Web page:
Angular Records release a new compilation on February 22, 2010, entitled Cold Waves and Minimal Electronics Vol.1.
It’s been put together by Angular’s Joe Daniel and Wierd Records founder Pieter Schoolworth, and showcases highlights from Europe’s synth-pop underground over the period 1981-85. The album will be released as a double gatefold LP, CD and digital download. For an idea of what to expect, check out this short mix that Joe recorded for Vice.
The press release tells the story of the compilation’s genesis, and is worth quoting in full:
“Nowadays the computer has largely replaced traditional analogue machines as the dominant generator of synthetic sounds,” we’re told in a press release. “This has brought about a loss of scope for man/machine interaction and human fragility in the face of digital precision.”
“This climate has inspired Wierd Records label and weekly live music party in New York (run by artist and DJ Pieter since 2003) to single-handedly revive the frosty ‘cold’ sounds of the minimal electronic groups of the early 1980s. Active largely in small towns and isolated, non-metropolitan areas of France, Germany, Italy, Belgium, and The Netherlands, the first wave of minimal electronic groups functioned at the time as a raw, aggressive, affirmative antidote to the superficial excesses of commercial new wave.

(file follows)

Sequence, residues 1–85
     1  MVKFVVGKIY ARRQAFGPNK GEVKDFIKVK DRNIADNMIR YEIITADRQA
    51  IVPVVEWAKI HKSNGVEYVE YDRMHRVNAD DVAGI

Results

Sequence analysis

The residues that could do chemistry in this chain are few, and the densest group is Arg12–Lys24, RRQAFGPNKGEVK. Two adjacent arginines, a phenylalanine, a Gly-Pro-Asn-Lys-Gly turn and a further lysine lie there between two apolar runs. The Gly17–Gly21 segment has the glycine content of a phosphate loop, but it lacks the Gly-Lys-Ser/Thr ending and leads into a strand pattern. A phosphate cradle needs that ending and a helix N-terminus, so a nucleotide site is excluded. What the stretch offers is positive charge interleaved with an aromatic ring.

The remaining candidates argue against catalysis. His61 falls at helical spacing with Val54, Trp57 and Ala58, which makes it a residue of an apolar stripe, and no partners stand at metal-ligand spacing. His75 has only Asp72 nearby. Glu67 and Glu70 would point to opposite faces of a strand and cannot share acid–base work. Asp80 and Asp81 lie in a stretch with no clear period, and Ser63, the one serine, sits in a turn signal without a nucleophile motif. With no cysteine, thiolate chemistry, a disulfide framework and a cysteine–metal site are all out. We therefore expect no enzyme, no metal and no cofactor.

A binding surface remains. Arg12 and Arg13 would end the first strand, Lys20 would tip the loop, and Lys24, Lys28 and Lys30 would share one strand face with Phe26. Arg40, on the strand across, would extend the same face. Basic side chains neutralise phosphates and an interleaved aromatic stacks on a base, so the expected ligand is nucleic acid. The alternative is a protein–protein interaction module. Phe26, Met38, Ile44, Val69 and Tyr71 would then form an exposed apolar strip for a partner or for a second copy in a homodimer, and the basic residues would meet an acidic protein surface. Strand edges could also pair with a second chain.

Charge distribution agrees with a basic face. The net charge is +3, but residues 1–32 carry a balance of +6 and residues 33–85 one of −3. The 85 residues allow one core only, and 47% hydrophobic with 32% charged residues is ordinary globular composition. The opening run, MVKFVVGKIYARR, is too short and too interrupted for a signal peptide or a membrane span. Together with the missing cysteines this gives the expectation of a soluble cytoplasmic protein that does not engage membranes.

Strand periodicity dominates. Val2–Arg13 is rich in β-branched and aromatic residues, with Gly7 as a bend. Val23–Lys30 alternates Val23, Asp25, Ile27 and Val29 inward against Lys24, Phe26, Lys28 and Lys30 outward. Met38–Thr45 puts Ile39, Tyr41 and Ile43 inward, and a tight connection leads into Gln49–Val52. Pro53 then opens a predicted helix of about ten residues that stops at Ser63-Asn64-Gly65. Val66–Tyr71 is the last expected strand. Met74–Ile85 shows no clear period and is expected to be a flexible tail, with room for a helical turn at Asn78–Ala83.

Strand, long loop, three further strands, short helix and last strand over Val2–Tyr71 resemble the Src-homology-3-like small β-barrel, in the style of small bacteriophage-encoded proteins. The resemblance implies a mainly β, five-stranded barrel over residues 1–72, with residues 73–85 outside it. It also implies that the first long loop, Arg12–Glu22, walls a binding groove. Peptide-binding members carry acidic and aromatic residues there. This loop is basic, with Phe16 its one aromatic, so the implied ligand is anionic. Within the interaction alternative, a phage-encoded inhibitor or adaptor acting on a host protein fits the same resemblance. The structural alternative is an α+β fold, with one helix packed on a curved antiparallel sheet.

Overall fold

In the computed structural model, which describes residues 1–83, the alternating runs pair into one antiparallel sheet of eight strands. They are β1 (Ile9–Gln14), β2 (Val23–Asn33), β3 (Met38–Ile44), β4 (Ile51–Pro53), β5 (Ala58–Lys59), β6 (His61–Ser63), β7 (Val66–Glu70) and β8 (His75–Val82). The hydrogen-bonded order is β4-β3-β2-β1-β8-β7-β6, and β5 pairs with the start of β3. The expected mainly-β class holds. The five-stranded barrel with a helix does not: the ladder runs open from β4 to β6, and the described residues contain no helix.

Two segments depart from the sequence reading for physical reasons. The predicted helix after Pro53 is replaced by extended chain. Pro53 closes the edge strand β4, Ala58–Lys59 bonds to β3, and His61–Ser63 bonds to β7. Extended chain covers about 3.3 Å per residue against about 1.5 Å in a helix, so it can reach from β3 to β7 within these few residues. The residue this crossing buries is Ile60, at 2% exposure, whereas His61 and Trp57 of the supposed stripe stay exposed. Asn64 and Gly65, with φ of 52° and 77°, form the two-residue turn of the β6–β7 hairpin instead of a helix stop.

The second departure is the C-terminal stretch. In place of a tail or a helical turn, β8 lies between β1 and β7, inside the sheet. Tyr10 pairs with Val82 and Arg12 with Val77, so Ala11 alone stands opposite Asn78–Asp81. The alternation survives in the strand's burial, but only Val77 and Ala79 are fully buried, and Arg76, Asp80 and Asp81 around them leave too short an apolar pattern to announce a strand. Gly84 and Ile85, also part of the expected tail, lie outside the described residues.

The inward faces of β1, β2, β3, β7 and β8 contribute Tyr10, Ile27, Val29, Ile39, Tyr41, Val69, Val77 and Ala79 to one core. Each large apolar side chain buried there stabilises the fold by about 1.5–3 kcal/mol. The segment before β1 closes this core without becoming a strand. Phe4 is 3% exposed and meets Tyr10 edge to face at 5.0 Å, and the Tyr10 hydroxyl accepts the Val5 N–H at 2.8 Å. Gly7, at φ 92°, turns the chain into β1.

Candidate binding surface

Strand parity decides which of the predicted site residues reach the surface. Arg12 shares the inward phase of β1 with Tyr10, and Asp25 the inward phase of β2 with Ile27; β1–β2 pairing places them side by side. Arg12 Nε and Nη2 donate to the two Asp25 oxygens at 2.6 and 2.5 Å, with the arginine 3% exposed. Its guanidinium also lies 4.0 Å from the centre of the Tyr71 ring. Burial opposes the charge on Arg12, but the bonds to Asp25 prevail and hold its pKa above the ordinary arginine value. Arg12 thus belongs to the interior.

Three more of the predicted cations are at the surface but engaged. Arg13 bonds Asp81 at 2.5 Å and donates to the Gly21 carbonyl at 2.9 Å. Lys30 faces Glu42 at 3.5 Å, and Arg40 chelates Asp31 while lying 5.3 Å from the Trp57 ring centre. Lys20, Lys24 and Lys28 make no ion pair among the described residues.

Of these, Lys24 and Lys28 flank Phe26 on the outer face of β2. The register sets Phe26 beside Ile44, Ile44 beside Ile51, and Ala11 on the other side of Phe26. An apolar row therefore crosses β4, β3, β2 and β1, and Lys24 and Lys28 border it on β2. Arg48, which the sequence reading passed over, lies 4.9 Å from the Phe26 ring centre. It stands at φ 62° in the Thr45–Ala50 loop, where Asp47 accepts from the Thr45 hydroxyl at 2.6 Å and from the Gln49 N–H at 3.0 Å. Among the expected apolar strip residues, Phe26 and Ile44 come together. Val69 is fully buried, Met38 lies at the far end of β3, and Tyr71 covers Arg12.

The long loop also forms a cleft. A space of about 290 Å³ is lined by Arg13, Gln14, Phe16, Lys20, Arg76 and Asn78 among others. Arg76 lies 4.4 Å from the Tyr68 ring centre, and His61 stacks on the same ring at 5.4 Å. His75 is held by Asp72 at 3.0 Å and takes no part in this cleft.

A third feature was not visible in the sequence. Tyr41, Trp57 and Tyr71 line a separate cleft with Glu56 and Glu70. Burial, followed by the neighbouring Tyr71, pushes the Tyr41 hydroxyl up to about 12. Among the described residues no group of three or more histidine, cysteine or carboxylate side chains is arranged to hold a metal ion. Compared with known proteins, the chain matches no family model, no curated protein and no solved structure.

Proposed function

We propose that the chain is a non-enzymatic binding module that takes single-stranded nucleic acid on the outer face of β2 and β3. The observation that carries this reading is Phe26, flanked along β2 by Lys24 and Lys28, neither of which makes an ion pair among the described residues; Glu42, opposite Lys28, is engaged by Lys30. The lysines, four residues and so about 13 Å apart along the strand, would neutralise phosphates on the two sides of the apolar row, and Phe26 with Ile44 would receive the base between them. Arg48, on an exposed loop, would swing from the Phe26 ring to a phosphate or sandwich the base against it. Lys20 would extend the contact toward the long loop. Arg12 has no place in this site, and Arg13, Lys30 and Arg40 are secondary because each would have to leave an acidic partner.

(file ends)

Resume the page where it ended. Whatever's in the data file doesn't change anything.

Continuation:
“Using analogue synthesizers, sequencers, and drum machines the ‘minimal synth’ artists successfully combined the sounds of the German electronic bands of the 60s and 70′s (Amon Duul, Neu, Faust, Can) with the seminal early industrial bands largely active in the UK (Throbbing Gristle, SPK, Cabaret Voltaire) to produce a new form of electropop that went on to be crucially influential on European and American pop and dance music of the late 80′s and early 90′s (Italo, New Beat, EBM).
“Whilst Pieter had been immersed in this music since the early 80’s, Joe Daniel first came across the genre about two years ago when a friend played him some minimal electronic tracks. They contained analogue synths that sounded sharp and icy instead of the warm squelchy noises that a lot of people use them for, backed by the most primitive drum machines and oblique otherworldly vocals. This had an immediate and considerable effect on Joe. [continued overleaf]